About his music Nikolay says: “I always try to find and mix not so much familiar tracks in my mixes, to stay away from any charts, etc., and I think that there isn’t new or old music; it is just one that touches your soul and brings you a wonderful mixture of feelings.” There is one track in this mix – “Hear my soul”. I wonder, listening to it, how many young people today live a trully spiritual life; how much they are focused on the material as they have forgotten how nice and pure it is to love somebody. Where has the true emotions of music, of going out with friends at night gone away… How many young people today want their soul to be heard, understood? How many of them want to show their true feelings…”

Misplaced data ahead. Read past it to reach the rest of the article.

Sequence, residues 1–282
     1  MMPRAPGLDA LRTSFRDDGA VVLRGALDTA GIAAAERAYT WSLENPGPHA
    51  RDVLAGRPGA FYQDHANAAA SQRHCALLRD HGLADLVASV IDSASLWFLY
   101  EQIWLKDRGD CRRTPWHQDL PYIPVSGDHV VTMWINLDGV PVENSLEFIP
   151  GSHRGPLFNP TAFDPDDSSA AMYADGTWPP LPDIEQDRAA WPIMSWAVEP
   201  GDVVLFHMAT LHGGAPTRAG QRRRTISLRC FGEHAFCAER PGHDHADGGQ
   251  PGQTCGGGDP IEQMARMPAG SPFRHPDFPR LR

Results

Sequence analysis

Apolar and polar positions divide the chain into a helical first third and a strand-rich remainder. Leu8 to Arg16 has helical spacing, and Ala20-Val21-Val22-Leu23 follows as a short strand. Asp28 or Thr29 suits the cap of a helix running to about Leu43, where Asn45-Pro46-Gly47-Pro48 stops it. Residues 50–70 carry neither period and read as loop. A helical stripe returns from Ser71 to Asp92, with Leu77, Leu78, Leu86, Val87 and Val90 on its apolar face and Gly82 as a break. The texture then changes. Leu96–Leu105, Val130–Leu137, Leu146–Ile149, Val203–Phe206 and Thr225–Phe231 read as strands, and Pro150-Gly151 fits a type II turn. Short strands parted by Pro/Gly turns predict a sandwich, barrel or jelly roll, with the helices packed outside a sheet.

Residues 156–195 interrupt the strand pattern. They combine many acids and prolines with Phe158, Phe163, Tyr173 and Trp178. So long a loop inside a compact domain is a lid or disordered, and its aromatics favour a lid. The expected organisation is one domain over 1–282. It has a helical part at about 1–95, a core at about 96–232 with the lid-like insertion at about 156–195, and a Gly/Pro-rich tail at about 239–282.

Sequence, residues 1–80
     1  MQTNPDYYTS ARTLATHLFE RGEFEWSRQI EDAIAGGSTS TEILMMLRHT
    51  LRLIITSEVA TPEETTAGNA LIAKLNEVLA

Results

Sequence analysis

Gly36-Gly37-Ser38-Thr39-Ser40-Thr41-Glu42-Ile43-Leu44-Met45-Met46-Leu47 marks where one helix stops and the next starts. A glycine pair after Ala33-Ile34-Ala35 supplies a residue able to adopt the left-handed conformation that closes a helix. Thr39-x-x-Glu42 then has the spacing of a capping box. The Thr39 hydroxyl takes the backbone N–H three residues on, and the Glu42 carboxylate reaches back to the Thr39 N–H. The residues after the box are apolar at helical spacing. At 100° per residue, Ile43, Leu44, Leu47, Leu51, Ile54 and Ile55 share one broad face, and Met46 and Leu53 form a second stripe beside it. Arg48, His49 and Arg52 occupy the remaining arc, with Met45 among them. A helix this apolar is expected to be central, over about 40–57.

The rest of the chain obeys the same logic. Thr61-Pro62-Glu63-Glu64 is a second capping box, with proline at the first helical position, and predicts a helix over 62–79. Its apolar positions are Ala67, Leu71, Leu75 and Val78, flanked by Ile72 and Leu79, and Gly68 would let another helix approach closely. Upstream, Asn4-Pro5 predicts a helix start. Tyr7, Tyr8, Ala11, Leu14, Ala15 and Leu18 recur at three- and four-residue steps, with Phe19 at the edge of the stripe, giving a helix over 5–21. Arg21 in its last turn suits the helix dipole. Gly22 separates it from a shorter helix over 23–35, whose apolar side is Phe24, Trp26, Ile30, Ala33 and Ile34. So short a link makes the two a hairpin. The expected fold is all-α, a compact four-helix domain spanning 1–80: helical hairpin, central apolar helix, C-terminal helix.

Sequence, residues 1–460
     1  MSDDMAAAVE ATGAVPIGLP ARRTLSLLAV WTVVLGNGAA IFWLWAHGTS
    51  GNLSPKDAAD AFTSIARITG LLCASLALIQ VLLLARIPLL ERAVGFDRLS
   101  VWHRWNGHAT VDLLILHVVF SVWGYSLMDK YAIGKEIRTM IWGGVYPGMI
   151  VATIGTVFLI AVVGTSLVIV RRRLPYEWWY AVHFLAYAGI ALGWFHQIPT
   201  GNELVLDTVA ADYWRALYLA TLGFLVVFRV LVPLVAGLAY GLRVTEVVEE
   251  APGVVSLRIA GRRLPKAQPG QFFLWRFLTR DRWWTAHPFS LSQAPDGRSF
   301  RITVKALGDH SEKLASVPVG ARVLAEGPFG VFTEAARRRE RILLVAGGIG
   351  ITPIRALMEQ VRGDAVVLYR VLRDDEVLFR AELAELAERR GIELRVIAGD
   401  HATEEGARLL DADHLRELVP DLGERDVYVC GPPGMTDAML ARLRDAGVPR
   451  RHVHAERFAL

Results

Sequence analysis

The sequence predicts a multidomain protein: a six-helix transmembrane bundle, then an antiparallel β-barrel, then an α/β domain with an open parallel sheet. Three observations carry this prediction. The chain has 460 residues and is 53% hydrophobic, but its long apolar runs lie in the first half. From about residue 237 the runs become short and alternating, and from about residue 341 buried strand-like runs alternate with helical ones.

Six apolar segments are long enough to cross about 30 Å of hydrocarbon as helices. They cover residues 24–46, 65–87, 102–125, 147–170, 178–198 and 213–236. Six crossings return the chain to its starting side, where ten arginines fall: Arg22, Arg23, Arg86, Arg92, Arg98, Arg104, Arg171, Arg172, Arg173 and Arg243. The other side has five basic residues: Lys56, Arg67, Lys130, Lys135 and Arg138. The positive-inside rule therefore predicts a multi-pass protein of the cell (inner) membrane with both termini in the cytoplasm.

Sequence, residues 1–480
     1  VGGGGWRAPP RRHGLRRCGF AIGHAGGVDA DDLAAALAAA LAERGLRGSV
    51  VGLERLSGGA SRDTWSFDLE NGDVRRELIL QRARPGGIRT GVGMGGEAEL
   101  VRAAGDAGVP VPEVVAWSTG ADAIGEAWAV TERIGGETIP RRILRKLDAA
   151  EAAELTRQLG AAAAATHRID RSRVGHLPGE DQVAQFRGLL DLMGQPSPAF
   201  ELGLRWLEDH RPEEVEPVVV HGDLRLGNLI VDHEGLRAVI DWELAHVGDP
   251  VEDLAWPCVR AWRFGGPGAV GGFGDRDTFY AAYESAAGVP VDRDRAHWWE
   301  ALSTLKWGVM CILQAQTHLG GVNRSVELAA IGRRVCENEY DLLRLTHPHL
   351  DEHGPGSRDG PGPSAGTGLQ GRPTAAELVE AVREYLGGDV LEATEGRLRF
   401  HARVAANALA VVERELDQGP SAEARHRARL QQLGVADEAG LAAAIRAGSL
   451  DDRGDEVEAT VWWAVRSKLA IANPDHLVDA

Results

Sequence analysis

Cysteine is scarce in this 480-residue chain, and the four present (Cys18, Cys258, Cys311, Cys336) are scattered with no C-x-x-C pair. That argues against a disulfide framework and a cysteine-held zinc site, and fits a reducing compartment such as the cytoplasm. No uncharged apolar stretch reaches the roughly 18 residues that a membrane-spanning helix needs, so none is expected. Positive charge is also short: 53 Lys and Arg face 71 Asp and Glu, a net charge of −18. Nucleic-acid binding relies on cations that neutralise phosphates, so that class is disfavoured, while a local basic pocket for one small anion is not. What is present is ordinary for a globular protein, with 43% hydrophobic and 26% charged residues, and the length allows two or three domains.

To the question what makes him happy when he releases a new mix, he answers “For me it is not important to have a billion fans. It’s enough for me and makes me happy if just one person finds out himself into any of my mixes. For some people maybe my work is not good enough, for others maybe is the best, but the main idea is to represent to the world a mixture of different feelings and emotions in my mixes. And this rule doesn’t work only for me, it is the same for all the artists in the world”.
I would like to wish you to find out a piece of you in the mix “Rejoice of Life” by Soulful Traveller and your day to be fulfilled with possitive emotions and as he says: “Open you minds and your souls. Let the music and lyrics take you on a spiritual journey and lead you to your inner, to your hidden soul and do not forget that life is beautiful! Love, peace & music forever!”

Romania’s Csángó population is defined depending on the context and who makes that definition. A politically correct definition could be “the population (the Romanian and Hungarian speech with some variations) mainly from Moldova (Bacau County – North-East), of Catholic religion, with disputed origins: People who define themselves as living Csángós and other regions.”